Explore Vintage Nurse, Vintage Ladies, and more!

Explore related topics

great image of a female driver for the Red Cross Motor Corps, 1917.

From the previous poster: WWI Nurse - 1917 Red Cross Motor Corp. An amazing look back in time, the Nurse is beautiful, but i'm also drawn to the beautiful curves on the bonnet (hood) and that front right wing upto the windscreen (windsheild)

A soldier is reunited with his wife and child, c. 1918.

History repeating itself.We have troops coming home today! Praying for their safe return home!Army, U. Troops coming home!

A nurse from the American Army in France after the Normandy landings

A US Army nurse works at a field hospital - 1944 Nurses began to land on the Normandy shores only four days after the initial D-Day landings. The first to arrive were the nurses of the and Field Hospitals and the and Evacuation Hospitals.

Amelia Earhart - she was a nurse's aid in Toronto, CA during WW1. Many of her…

Amelia Erhart - she was a nurses aide in Toronto, CA during Many of her patients were pilots. [Complete news to me!] History and WWI

On June 13, 1920, the U.S. Post Office Department rules that children may not be sent by parcel post. It's never easy traveling with children and often it can be expensive. In the early 1900s, some people decided cut costs by mailing their children via parcel post.  On February 19, 1914, the parents of four-year-old May Pierstorff mailed her from Grangeville, Idaho to her grandparents in Lewiston, Idaho. Mailing May apparently was cheaper than buying her a train ticket.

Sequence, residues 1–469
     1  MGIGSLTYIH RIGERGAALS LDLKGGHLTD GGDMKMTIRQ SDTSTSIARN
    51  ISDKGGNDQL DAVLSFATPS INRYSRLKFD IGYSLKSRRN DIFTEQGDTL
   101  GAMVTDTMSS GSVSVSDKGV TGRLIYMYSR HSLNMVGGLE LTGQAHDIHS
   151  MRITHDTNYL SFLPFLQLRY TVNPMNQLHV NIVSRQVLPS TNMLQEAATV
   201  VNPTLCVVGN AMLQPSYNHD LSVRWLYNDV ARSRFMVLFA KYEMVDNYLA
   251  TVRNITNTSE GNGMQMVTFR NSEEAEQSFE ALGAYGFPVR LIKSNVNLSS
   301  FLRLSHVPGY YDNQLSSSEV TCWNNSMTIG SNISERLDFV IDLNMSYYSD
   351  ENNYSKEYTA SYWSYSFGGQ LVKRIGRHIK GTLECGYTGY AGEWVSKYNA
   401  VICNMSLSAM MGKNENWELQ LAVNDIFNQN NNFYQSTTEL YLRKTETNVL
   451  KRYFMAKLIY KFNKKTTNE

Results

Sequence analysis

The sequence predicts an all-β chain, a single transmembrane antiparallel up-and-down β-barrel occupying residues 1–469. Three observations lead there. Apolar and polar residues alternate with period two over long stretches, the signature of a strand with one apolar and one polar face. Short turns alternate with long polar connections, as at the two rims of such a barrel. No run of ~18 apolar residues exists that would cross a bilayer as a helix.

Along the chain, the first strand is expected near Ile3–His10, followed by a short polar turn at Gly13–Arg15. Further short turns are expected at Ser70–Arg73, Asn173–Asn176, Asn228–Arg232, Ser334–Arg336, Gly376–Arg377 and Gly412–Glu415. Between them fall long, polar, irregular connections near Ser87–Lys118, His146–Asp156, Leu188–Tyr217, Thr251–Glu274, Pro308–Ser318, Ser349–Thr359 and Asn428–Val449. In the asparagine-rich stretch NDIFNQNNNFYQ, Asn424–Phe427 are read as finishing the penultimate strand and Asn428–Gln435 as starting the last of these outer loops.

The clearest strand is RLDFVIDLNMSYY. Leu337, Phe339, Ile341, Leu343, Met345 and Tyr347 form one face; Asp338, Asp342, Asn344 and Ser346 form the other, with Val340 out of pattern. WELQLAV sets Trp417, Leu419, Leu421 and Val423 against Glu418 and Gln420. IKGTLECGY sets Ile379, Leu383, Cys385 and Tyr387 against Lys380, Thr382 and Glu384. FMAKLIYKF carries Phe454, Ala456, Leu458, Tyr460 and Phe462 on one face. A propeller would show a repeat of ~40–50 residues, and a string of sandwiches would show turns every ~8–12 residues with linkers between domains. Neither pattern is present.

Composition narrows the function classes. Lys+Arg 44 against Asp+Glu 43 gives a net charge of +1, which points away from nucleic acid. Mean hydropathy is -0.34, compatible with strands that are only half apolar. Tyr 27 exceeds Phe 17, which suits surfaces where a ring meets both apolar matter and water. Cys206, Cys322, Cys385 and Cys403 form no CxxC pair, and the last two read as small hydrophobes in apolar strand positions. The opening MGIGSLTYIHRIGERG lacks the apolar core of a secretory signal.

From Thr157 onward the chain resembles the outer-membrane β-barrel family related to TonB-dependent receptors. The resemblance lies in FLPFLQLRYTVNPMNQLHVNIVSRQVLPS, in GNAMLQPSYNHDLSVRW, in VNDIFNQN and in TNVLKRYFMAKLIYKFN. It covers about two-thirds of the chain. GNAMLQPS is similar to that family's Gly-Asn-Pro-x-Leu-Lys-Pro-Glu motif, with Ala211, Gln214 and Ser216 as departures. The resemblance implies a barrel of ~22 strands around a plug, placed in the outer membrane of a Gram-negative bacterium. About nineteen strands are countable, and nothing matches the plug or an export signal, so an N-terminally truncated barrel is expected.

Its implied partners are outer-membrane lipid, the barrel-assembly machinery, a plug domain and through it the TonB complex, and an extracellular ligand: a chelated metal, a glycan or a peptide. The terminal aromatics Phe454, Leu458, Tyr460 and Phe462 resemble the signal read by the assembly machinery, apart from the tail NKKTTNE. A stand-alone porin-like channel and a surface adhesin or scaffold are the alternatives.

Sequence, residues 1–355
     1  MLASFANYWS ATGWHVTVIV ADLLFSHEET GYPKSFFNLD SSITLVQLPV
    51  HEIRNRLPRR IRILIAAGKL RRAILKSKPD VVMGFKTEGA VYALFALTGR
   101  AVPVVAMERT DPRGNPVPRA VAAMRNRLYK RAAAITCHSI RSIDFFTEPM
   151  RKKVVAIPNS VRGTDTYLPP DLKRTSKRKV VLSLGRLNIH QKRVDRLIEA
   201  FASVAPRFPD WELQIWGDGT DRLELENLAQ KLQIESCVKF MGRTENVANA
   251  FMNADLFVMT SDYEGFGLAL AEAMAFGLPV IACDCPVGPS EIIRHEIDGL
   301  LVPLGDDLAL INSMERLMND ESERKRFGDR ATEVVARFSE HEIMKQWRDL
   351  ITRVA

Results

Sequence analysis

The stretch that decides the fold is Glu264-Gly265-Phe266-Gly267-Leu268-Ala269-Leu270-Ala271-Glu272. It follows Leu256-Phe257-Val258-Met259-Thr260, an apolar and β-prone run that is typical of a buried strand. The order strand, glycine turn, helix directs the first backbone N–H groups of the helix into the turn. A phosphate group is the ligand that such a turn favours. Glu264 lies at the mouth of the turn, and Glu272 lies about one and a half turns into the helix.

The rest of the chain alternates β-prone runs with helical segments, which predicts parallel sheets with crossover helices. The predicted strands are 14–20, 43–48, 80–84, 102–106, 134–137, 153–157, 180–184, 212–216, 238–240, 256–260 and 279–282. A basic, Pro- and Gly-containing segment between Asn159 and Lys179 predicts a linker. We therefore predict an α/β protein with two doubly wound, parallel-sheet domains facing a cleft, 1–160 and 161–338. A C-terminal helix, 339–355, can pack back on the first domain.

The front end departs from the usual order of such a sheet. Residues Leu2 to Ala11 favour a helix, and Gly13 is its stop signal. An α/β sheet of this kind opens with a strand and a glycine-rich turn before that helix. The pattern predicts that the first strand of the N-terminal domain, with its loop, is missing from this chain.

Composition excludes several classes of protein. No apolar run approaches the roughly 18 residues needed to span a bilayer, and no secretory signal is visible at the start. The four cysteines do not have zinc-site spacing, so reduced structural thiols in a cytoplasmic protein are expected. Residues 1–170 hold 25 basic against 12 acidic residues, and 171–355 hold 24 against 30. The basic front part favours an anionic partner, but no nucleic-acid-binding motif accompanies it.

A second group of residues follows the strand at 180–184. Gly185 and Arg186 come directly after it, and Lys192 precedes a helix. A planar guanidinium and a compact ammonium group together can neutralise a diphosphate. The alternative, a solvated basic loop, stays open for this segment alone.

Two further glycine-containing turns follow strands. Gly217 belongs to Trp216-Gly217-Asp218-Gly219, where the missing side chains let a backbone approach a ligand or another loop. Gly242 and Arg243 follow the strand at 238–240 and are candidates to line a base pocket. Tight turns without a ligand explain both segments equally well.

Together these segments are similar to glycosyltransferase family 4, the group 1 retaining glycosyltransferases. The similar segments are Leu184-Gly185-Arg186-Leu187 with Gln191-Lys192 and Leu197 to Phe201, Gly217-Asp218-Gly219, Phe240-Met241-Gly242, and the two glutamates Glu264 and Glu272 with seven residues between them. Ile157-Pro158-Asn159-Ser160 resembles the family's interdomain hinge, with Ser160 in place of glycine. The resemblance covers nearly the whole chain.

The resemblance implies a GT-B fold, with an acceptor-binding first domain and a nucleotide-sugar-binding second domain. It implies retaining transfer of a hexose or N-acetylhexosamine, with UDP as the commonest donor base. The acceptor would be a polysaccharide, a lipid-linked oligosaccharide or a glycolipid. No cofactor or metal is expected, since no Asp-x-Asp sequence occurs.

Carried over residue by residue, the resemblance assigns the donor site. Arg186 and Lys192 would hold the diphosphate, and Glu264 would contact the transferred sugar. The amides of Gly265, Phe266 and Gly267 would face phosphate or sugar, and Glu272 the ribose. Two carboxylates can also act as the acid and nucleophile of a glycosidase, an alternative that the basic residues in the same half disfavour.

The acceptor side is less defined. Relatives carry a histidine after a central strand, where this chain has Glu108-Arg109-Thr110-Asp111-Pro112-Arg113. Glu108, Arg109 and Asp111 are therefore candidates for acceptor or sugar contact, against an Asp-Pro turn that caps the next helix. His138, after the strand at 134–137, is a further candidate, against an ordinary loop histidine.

Sending Children by Parcel Post

1913 - After parcel post service was introduced in at least two children were sent by the service. With stamps attached to their clothing, the children rode with railway and city carriers to their destination. The Postmaster General quickly issued a

1918 ~ American soldiers paying tribute to all the horses that lost their life in World War I.

In Camp Cody, New Mexico, in 650 officers and enlisted men of the Auxiliary Remount Depot No a Cavalry unit, created this human horse head in tribute to the horses lost in WWI.

World War I                                                                                                                                                                                 More

War/Photography by Geoff Dyer

A German pilot plummets as his Albatross fighter goes down in flames. Most pilots did not wear parachutes and chose to plunge to their deaths rather than burn in their planes.

Imgur: The most awesome images on the Internet

The most awesome images on the Internet

Saying the last goodbyes.

"The Last Kiss" WWII Departure of the “Amerigo Vespucci”, Egypt, 1963